The Catholic University of America

Frequently Asked Questions regarding policies

Q: What is a University policy?

A. A policy is a guiding or governing principle formally approved to provide assistance in the conduct of University affairs. A University policy is a policy that applies University-wide, which distinguishes it from policies that pertain to only a particular school or department.

Q. How does a policy get drafted?

A. If the policy is academic, a new policy is initiated by the Academic Senate or one of its committees, the Provost or the President. If the policy is an administrative policy, it will be initiated by the President, the Provost or any Vice President. Any member of the University community can propose a policy to the Provost or the appropriate Vice President. A template is available to assist in drafting the policy in the proper format.

Q. How does a policy get revised?

A. Revisions are initiated in the same manner as drafts of new policies as set forth above.

Q. What is the role of the Policy Committee?

A. The Policy Committee supports the President and the Vice Presidents in implementing and disseminating policies, and in identifying a responsible University official and office for each policy. The committee works to ensure consistency in the format and presentation of policies; elimination of conflicts between policies to the extent possible; consistency with laws or other external regulations; identification of necessary policies; proper archiving; mission consistency; and ensuring a process for regular review of all policies.

The committee is not the entity within the University responsible for promulgating the substance of the policy.

Q. How can I tell the difference between a policy and a procedure? And how do standards and guidelines play in to the process?

A. Policies are to procedures what standards are to guidelines.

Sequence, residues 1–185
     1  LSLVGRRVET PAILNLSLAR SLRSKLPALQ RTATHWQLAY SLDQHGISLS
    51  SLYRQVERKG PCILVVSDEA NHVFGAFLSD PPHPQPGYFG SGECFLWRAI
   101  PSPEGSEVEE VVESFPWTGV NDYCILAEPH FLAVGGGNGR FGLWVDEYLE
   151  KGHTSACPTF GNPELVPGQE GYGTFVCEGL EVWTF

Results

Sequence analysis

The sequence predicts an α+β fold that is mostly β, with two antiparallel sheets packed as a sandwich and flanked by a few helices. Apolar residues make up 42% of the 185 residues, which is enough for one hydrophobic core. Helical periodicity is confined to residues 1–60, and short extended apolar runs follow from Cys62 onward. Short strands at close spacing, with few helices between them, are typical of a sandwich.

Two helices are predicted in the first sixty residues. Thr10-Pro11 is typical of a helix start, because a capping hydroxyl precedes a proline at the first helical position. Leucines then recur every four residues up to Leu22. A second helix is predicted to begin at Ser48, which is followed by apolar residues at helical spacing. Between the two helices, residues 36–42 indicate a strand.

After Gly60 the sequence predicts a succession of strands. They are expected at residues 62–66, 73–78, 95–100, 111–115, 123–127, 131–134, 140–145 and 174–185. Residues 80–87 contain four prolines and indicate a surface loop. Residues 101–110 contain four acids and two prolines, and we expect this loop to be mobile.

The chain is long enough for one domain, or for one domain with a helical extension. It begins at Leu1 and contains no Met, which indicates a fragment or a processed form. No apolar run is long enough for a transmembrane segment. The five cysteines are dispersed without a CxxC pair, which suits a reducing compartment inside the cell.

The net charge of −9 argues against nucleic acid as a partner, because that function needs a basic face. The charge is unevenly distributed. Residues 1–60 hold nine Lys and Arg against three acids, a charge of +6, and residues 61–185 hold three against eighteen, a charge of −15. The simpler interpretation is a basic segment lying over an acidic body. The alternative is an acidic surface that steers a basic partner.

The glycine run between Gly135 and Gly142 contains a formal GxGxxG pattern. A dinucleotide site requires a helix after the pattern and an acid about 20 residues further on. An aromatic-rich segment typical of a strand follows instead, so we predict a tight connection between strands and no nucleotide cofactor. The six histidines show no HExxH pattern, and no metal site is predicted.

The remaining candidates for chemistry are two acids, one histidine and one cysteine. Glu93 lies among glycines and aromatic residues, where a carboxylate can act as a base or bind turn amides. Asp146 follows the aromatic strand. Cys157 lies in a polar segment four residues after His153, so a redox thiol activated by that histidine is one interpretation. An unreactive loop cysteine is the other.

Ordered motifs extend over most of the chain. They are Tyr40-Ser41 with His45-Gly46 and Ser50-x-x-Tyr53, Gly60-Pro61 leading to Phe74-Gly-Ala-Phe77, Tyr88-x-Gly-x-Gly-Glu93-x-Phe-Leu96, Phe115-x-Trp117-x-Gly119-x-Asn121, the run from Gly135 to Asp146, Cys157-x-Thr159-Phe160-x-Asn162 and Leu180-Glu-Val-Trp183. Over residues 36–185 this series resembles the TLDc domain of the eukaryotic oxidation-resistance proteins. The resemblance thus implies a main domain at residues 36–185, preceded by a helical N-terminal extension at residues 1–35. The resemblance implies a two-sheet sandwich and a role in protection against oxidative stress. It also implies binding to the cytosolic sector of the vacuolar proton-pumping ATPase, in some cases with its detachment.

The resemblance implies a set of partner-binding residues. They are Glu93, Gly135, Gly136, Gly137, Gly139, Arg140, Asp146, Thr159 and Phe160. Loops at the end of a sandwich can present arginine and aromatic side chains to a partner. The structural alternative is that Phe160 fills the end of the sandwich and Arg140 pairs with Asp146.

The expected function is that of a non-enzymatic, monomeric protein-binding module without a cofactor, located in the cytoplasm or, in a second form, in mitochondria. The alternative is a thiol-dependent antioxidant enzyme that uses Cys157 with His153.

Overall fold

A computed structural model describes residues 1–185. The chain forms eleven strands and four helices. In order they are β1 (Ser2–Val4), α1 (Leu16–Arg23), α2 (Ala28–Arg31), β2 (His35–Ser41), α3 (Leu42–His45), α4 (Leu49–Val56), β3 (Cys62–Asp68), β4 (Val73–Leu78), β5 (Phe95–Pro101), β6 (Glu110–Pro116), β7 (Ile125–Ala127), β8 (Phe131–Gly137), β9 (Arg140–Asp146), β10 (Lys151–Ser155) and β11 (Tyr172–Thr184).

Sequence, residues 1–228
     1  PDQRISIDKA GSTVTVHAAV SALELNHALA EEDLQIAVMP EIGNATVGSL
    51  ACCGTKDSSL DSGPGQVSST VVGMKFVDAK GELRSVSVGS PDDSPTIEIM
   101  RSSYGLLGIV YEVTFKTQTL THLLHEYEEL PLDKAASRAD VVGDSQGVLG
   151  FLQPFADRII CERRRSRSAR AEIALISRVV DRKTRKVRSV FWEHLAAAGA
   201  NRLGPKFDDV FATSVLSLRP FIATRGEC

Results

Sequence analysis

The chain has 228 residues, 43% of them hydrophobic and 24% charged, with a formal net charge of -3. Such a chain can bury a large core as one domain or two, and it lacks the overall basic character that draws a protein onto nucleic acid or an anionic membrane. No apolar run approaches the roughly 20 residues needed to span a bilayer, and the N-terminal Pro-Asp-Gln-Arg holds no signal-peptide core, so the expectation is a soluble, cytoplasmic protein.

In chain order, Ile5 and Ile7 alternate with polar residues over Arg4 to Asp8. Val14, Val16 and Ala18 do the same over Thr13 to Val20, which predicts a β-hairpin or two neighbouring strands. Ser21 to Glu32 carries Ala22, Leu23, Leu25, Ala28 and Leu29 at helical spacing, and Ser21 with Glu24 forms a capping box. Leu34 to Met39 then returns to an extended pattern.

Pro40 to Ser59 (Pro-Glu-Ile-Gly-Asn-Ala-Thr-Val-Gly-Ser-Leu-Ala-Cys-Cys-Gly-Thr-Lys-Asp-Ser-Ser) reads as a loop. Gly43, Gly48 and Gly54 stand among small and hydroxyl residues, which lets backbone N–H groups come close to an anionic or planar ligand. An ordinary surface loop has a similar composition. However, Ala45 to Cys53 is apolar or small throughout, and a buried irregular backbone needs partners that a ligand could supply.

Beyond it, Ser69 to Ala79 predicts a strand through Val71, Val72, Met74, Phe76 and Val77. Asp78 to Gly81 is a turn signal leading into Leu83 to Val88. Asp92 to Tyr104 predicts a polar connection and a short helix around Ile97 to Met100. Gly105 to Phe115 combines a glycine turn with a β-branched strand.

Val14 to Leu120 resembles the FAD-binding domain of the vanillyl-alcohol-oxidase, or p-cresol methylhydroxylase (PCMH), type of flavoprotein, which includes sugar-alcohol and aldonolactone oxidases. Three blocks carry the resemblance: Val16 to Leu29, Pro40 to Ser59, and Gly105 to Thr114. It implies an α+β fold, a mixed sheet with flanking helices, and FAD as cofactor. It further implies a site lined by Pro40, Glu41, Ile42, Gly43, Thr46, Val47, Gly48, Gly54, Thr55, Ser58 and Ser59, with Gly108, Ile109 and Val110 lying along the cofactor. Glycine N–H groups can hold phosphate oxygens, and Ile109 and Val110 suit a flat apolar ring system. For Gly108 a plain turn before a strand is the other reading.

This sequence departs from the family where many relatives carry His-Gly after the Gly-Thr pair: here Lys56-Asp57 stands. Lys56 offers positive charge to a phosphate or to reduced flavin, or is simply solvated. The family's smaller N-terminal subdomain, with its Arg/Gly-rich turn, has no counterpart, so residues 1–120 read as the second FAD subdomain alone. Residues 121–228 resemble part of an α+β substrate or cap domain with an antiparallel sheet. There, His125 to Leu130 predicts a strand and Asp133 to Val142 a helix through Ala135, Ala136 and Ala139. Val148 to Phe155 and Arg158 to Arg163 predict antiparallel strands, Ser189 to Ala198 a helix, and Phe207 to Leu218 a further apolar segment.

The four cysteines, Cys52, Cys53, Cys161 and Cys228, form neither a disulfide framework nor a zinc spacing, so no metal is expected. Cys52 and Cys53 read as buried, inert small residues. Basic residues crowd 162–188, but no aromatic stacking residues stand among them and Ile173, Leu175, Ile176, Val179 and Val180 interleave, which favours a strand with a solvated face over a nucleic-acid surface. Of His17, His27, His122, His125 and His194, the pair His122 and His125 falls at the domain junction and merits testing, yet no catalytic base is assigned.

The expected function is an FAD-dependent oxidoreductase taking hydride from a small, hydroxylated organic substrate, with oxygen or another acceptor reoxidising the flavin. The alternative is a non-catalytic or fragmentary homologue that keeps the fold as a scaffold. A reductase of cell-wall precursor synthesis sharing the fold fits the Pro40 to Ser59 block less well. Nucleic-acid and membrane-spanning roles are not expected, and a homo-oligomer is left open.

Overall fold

Policies delineate in broad strokes an organization's goals in a certain area of interest without describing the specifics of how those goals are to be accomplished. The procedures that correspond to the policy describe exactly how the policy is carried out.
 
For example, the University may have a policy that it will maintain current student contact records in Cardinal Station, who will oversee this process, and that it will review these records annually for accuracy. The responsible owner may then draft procedures which specify when the audit will be carried out, who will conduct the audit, how information will be collected, and how exceptions will be processed.
 
Standards are best-practices that are collected, consolidated, and edited into an organization-specific format. Standards may be collected from a variety of authoritative sources, such as other universities, government agencies, etc. Standards are often referenced by policies: "Technology Services will create, maintain, and promulgate best practice standards for information security." Guidelines are then created that will enable the University community to achieve standards in their work. This is especially important for areas in which procedures are difficult to write.
 
For example, the University may collate and draft a standard for maintenance of outdoor sidewalks. The standard may outline construction standards, perhaps from a national campus physical plant organization or standards expected by the District of Columbia, inspection schedules by facilities staff, and appropriate standards for repair or replacement of sidewalks. Guidelines are then drafted to assist facilities maintenance staff, campus public safety officers, environmental health and safety inspectors and others to make intelligent decisions about meeting the standards for sidewalk condition and safety.

Q. What is the process for providing input regarding new policies?

A. The Vice President in whose area the administration of a policy falls is responsible for determining who in the University community should review proposed policies, whether new or revised. Each Vice President and the Provost has a representative to the Policy Committee. Specific input regarding a pending or already drafted policy should be sent to the Responsible Official identified in the policy. If the policy is only in the draft state and a Responsible Official has not yet been identified, input can be sent to the cognizant Vice President.

Q. What is the role of the Responsible Official?

A. The Responsible Official is the University official charged with administration of the policy.

Q. Who is responsible for compliance with the policies?

A. All members of the University community are responsible for compliance with policies.  Individual managers and Vice Presidents are responsible for reinforcing the requirement to comply with policies.

Q. I would like to post a policy on our departmental web page. Are there any rules about what format I need to follow?

A. Only one version of a University-wide policy may exist, and that version resides on the official policies page. This is to ensure proper updating of policies, and consistency in presentation. Any policies referenced on a department web page should link back to the official web page. In other words, do not cut, copy and paste the policy onto the departmental page, but link to the policy that resides on the official policy page.